Do not forget the other side of the coin. The current ratio and the quick ratio can be bigger than they should be. A company that has large volumes of inventories and customers might be over-investing in working capital, and so tying up more funds in the business than it needs to. This would suggest poor management of customers or inventories by the company.

Turnover periods

We can calculate turnover periods for inventory, customers and suppliers (the question below revises these calculations). The time taken to collect amounts due from customers is known as the accounts receivable collection period. Credit from suppliers is known as the accounts payable payment period. If we add together the inventory days and the days taken to collect accounts owed from customers, this should give us an indication of how soon inventory is convertible into cash. This gives us a further indication of the company’s liquidity.


Short-termism is often due to the fact that managers’ performance is measured on short-term results.


In the previous chapter we saw how organisations often have to make a trade-off between short-term and long-term objectives which can, of course, be focused on financial performance. Advertising expenditure may be cut to increase short-term profit, but this is likely to be at the expense of long-term financial results.

Earlier on in this chapter we looked at how RI, ROI and NPV are used to measure profitability. Exam questions may test how useful these measures are for long-run and short-run performance measurement.


Case Study

In April 2001, the Financial Times reported on how efforts to cut costs to boost short-term profits at Marks & Spencer had long-term implications.

To fulfil expectations during the 1990s, staff numbers were limited or reduced, store enhancements were restricted, and relationships with suppliers squeezed. As a result, earnings matched market expectations for a while but eventually ‘customers started to notice that value for money was not quite as good as it could have been. That you had to wait to get the attention of a sales assistant. That the shops were dowdy and so was some of the merchandise. These impressions accumulated. Gradually the positive Marks & Spencer anecdotes were replaced by negative ones. Suddenly the company’s reputation fell off a cliff. And so did its profits.’

In view of the low accounting ROI in year 1, should the investment be undertaken or not?

  • Strictly speaking, investment decisions should be based on DCF yield, and should not be guided by short-term accounting ROI.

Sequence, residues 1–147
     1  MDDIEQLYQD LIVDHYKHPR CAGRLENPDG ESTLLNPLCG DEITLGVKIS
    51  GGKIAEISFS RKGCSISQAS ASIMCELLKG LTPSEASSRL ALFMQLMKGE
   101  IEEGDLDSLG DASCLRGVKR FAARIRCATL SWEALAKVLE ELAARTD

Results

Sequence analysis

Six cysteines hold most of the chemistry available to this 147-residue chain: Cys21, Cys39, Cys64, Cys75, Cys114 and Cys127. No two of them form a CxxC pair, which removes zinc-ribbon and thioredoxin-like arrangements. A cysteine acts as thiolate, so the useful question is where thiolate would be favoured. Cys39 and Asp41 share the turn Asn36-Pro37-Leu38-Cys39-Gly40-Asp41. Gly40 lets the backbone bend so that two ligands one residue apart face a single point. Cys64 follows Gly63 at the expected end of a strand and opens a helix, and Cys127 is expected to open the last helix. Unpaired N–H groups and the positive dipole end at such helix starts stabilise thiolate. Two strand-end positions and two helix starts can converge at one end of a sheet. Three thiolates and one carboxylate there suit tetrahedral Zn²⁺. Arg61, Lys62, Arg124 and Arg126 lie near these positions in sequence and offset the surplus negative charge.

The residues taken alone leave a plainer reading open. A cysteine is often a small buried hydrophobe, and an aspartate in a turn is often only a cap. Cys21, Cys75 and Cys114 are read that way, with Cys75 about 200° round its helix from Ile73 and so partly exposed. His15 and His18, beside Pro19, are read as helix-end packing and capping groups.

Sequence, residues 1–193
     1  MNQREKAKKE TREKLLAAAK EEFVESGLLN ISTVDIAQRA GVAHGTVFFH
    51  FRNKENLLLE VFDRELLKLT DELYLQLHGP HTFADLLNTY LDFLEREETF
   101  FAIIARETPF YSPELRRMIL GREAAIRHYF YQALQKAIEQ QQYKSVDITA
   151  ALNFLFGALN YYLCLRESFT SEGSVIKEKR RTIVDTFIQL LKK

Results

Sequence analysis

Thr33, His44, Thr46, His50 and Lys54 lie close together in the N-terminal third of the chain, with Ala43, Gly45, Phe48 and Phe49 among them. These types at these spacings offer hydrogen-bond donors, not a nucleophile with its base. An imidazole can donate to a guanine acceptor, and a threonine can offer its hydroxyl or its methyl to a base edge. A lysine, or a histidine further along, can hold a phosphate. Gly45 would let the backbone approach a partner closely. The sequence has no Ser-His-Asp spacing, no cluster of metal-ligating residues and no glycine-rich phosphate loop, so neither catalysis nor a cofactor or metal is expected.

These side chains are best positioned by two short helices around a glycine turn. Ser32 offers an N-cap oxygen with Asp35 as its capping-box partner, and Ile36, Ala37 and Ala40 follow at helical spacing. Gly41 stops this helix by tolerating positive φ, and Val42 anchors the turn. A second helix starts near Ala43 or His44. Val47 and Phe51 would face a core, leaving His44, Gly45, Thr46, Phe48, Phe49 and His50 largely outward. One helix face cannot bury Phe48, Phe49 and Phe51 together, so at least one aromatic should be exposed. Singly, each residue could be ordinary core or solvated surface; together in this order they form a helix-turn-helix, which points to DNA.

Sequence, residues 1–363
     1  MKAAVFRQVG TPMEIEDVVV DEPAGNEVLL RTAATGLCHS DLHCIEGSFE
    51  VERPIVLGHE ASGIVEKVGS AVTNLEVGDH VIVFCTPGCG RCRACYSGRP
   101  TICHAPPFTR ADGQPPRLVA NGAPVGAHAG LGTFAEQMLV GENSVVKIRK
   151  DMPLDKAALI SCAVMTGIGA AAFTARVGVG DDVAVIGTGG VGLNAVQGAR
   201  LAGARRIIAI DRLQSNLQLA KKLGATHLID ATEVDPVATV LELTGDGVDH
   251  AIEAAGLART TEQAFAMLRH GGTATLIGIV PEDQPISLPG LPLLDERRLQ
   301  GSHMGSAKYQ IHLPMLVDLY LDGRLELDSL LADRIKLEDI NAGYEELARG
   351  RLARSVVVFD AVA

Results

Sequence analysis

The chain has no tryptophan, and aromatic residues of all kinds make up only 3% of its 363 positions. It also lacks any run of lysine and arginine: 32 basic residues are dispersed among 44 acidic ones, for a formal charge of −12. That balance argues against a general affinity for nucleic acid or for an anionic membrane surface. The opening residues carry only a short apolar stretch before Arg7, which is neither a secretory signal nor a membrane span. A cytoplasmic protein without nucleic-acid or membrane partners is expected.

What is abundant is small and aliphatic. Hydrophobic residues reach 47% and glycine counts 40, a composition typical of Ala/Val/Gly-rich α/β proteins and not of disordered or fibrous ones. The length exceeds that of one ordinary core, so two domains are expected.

• Even if accounting ROI is used as a guideline for investment decisions, ROI should be looked at over the full life of the investment, not just in the short term. In the short term (in the first year or so of a project’s life) the accounting ROI is likely to be low because the net book value of the asset will still be high.



In spite of the superiority of DCF yield over accounting ROI as a means of evaluating investments, and in spite of the wisdom of taking a longer-term view rather than a short-term view with investments, it is nevertheless an uncomfortable fact that the consideration of short-run accounting ROI does often influence investment decisions.

In our example, it is conceivable that the group’s management might disapprove of the project because of its low accounting ROI in year 1. This approach is short-sighted, but it nevertheless can make some sense to a company or group of companies which has to show a satisfactory profit and ROI in its published accounts each year, to keep its shareholders satisfied with performance.

A similar misguided decision would occur where a divisional manager is worried about the low ROI of his division, and decides to reduce his investment by scrapping some machinery which is not currently in use. The reduction in both depreciation charges and assets would immediately improve the ROI. When the machinery is eventually required the manager would then be obliged to buy new equipment. Such a situation may seem bizarre, but it does occur in real life.

Short-term ROI should not be used to guide management decisions but there is a difficult motivational problem. If management performance is measured in terms of ROI, any decisions which benefit the company in the long term but which reduce the ROI in the immediate short term would reflect badly on the manager’s reported performance. In other words, good investment decisions would make a manager’s performance seem worse than if the wrong investment decision were taken instead.


The value of the P/E ratio reflects the market’s appraisal of the shares’ future prospects.

Shareholders value shares on the basis not of past performance but of expectations of future performance.

Note that past performance is useful, however, in that it gives information about the quality of the management team, and the business’ success at devising and executing strategies to maximise shareholders’ wealth, to date.

Shareholders may have a view towards a particular industry sector as well as an individual business. No matter how well a business is run, it may operate in an unattractive or mature industry sector.

Investors may have a genuinely different view of the prospects of a sector from managers, so even well-run companies in an industry may feel starved of capital at an appropriate rate. This is because they are always compared with other companies.